Rooted in experience

Cat Chapin-Bishop asks us to tell all in her post on The Wild Hunt…

“Don’t tell me how your tradition draws down the moon or performs a proper blot… Don’t tell me that Paganism celebrates the body and honors sexuality… Don’t tell me that community is important in Paganism… Don’t tell me that Pagans find our gods in nature… Give me your experience. Give me the marrow and the meat of your spiritual life. Because, unless you write it down, no one else ever will. Only from you can I receive this gift: your own lived Pagan journey.”

Oooh, this is my kind of pagan question..

I partly covered the question about community in Unca Tom’s Coven Part I and Part II.

I have no tradition so there is no proper blot. Although I do believe in being properly prepared in whatever way you deem proper. Part of that came from my experience with Unca Tom’s Coven. Part of it came with my trainings in Leon’s Outer Grove. Great stuff, all of it. But I just can’t seem to get down and funky with the rules. So I tread my path, eyes open, eyes closed, feet on the edge, heart in the stars… ever the fool.


Stephanie Pui-Mun Law’s Tarot Fool

Looking in at the communities and not sure I fit there any more than I’ve fit anywhere else in this or any other lifetime. It doesn’t seem to be important for me, at least not in the sense that I can’t have my circle. I still get to have my paganism without my community. But it is a lonely circle some times. As for the sexuality, yeah, that is totally lonely. I’d settle for being able to celebrate my spiritual delight with just one other person. Just one. And to do it in a totally groovy juicy sexual way.

I can tell you that hanging out naked in our local community’s swimming pool with other naked pagans has helped me immensely with my body image. While folks might have been staring surepticiously each other, I only remember the guy who noticed that I had lost the knowledge of how to interact with gravity when I left the pool after a particularly long soak with my lover. I felt comfortable. But I have no need to venture into the Aphrodite and Pan Groves. I leave that stuff to the sacred privacy of my cottage in the woods and the woods themselves.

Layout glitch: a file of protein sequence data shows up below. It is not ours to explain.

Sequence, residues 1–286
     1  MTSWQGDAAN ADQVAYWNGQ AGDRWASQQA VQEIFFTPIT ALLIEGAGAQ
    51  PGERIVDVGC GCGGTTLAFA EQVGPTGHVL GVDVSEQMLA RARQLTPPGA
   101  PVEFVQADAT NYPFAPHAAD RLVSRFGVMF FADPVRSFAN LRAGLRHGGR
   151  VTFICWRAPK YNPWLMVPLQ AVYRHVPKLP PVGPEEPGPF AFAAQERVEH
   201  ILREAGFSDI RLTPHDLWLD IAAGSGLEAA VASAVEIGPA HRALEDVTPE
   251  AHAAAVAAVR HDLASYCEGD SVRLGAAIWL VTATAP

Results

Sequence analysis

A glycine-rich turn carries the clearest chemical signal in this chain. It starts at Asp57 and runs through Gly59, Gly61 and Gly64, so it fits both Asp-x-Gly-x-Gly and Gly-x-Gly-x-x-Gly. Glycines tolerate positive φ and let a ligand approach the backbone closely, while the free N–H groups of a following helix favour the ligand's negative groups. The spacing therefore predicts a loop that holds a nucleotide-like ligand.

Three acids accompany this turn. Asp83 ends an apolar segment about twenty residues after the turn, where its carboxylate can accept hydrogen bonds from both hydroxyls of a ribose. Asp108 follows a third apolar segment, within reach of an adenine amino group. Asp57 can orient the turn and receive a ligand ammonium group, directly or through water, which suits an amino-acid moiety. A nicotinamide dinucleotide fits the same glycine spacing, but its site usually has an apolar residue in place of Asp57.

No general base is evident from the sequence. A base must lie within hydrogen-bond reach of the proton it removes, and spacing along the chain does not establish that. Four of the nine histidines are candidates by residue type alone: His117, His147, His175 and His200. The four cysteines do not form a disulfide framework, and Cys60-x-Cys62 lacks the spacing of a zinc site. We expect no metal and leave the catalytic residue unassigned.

The pool seems lonely now.

I can tell you how I find my gods in nature.

I remember a hot day one summer long, long ago and yes, far, far away, walking along the dirt drive from the cabin to the point to commune with the waves, seals, and wind. The drive is overhung with bows from the myriad trees and the sun was dappled and fluid and happy. My dog Isis, She Who Is Missed Most Dearly, was sniffing along looking for goodness knows what. The insects were humming and chirruping and suddenly I saw him. A three point stag. Just off the road, about 10 feet from me. In the deep shadow. I stopped in my tracks and time stood still. I looked at him and he looked at me. I looked forward and so did he and when we turned back we were both still there. The heat of the day was gone, the bugs were gone, Isis was elsewhere, and I just knew that he was showing himself to me in all his strong nobility.